Construction starts with the clutch body (Figure 13); this is a 4" length of 3/4" square aluminium. Centre it accurately in the 4-jaw chuck, face off the ends to length, and turn down 3/4" of its length to a diameter of 5/8". This circular section will carry the Sherline "banjo" parts, after modification as described below. It is then necessary to bore the entire length to 3/8" diameter. This is a non-trivial exercise in the Taig lathe, but it can be done very carefully and with lots of lubrication as the prototype proves. Alternatively, careful set-up on a stand drill might prove more satisfactory it is not essential that the bore is accurately concentric with the 5/8" diameter portion. Mark out, drill and tap the 2BA hole that will carry the input shaft retaining screw. On the same face, mark out and mill the triangular shaped recess for the operating lever to slightly deeper than the thickness of the lever (nominally 3/16") to ensure that it will operate easily when the clutch body is screwed to its bracket. You know when the right depth has been reached, as the cutter will just start to break into the top of the bore. The final milling operation is to open out the bore immediately below this recess to form a slot 3/8" wide to halfway across the bore (1/2" below the surface of the bar). This slot carries the clutch operating shoe, located in the groove in the sliding shaft. Drill and tap the 6 BA hole as marked; screw a short length of 6BA studding into the hole for the slot in the rear end of the operating lever to locate onto. Leave the remaining holes for the present; these are marked and drilled later on in conjunction with the mounting bracket.

Next, the input shaft. This is fabricated in two parts. The main body of the shaft (Figure 16) is made from 3/8" Silver Steel rod (chosen because of the surface finish, not for any other reason; BMS would do fine). Face off a length to 2 7/8" long. Reduce the diameter over a 1" length to ¼", drill and tap 4BA for the gear retaining screw & washer. Cut the groove for the 2BA retaining screw this groove starts at 15/16" in from the shoulder, 3/16" wide and reduces the diameter to ¼". Remove from the lathe, mark out and mill or file the ½" long flat at the thick end of the shaft. The second part is a bobbin to carry the gearwheels (Figure 19). Three of these are needed in all; one is fabricated and then soft soldered in place on the ¼" diameter portion of this input shaft, the other two are free running gear carriers for use on the intermediate studs in the geartrain. Fabrication is similar to the tumbler output bobbin; turn down a length of ½" diameter stock to 3/8" diameter over a length of 13/16", axially drill ¼" diameter, and part off to leave a ½" diameter shoulder 3/16" long. The groove for the 1/8" square brass key is milled as before, and a 1" length of key soft soldered in position. Clean up the ends and any solder excess, return to the chuck and turn down the key to the ½" diameter; i.e., there should be 1/16" of key protruding above the surface when completed. Solder in place on the input shaft, taking care not to disturb the key in the process, and clean up again. Make the other two bobbins while you are at it!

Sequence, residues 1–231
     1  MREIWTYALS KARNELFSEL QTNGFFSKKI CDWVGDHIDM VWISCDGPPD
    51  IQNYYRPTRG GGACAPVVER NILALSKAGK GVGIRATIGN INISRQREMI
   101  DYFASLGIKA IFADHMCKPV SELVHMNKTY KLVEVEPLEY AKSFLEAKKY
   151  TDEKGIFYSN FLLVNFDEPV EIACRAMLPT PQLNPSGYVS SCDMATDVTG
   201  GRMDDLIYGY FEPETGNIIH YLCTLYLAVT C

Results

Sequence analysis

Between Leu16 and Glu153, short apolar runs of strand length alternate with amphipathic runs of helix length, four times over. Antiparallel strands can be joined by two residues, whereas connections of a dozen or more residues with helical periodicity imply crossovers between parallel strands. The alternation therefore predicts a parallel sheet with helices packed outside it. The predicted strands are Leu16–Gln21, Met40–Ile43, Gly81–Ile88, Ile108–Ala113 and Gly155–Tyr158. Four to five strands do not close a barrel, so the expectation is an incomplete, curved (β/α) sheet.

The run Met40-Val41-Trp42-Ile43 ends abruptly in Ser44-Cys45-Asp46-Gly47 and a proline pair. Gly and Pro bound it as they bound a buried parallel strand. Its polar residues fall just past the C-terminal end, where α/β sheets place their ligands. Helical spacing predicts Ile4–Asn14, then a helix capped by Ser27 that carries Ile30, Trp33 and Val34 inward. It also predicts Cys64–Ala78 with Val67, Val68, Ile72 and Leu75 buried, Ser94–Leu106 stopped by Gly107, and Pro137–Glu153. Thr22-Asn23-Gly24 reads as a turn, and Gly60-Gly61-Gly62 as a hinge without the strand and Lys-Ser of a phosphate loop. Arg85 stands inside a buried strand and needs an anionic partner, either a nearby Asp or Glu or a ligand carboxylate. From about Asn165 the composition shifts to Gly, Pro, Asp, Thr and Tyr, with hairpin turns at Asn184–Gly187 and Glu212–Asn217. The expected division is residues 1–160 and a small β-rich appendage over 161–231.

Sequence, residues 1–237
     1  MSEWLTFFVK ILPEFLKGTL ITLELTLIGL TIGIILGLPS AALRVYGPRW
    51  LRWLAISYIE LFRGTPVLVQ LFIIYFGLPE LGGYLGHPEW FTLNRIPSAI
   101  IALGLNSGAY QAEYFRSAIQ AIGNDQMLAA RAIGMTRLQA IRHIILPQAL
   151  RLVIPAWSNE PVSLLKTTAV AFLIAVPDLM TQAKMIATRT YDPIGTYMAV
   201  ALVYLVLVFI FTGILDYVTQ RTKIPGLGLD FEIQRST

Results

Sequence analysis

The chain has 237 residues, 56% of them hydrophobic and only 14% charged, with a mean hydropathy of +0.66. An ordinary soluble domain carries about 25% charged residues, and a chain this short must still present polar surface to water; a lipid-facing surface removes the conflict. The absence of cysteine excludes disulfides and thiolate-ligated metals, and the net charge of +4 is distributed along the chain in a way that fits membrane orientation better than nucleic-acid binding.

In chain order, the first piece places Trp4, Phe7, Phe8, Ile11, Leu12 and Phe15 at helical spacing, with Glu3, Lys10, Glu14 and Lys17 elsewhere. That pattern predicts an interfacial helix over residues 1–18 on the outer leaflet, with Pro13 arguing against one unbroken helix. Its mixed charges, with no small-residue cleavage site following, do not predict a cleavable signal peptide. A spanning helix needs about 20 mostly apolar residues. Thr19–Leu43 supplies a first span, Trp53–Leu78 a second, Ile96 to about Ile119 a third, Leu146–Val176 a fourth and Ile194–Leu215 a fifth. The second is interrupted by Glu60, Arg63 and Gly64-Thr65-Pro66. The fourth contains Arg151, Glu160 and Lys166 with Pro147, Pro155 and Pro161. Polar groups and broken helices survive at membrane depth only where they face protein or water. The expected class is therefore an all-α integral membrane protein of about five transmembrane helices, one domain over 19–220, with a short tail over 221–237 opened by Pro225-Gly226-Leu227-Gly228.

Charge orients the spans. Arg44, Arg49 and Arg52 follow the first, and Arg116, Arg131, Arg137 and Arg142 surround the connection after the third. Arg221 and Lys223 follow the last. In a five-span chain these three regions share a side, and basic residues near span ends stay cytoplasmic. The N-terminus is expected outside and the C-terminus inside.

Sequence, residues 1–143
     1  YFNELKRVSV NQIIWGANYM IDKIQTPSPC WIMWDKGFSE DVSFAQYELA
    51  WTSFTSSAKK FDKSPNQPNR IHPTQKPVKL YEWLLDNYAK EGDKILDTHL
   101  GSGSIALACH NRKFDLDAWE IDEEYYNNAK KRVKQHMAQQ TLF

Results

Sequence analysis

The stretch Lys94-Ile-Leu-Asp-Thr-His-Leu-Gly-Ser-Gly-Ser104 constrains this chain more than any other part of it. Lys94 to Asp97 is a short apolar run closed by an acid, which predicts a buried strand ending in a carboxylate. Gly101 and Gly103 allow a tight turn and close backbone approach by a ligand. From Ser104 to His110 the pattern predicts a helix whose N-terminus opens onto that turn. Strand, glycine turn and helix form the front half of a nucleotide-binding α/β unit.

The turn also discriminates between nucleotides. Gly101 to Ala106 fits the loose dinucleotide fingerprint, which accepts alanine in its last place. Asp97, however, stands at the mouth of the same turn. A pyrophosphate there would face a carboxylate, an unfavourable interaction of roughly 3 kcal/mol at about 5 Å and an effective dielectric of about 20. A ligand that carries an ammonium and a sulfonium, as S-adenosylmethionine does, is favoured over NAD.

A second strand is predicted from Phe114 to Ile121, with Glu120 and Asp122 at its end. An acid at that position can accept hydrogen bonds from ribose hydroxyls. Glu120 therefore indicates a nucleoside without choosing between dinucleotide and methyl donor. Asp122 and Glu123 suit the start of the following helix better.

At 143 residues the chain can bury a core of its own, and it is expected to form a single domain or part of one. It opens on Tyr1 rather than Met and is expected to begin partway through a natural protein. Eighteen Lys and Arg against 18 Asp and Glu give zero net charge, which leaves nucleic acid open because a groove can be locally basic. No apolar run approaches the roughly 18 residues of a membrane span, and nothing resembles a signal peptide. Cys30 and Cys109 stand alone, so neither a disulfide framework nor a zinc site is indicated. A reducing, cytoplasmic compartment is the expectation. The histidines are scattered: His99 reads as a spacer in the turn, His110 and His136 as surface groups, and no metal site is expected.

The sliding shaft (Figure 17) is very straightforward again, silver steel was used; this time the groove is 3/8" wide, and there are two flats to mill/file.

The clutch output shaft (Figure 18) is slightly more involved. Chuck a suitable length of hex section steel bar the one I used measured 0.56" across the flats, which is slightly smaller than a standard 3/8" BSF nut. Face off, axially drill and tap 3/8" BSF (20TPI) to a depth of 5/8". Cut a small shoulder, about 1/32", to the inscribed circle diameter of the hexagon (0.56"). Remove from the chuck, screw the piece onto a short length of 3/8" BSF studding, and use this as a stub mandrel to hold the piece for the remaining machining operations. Mount the mandrel in the chuck so that the end of the hex rod buts against the chuck jaws; the turning action will tend to tighten it against the jaws. Turn down and face off to leave a ¾" long hex shoulder, and a ½" length of 3/8" diameter. File or mill the flat for the last 3/16" of its length. Using the studding as a mandrel in this way ensures that the 3/8" bearing diameter will be as near as possible to being concentric with the leadscrew.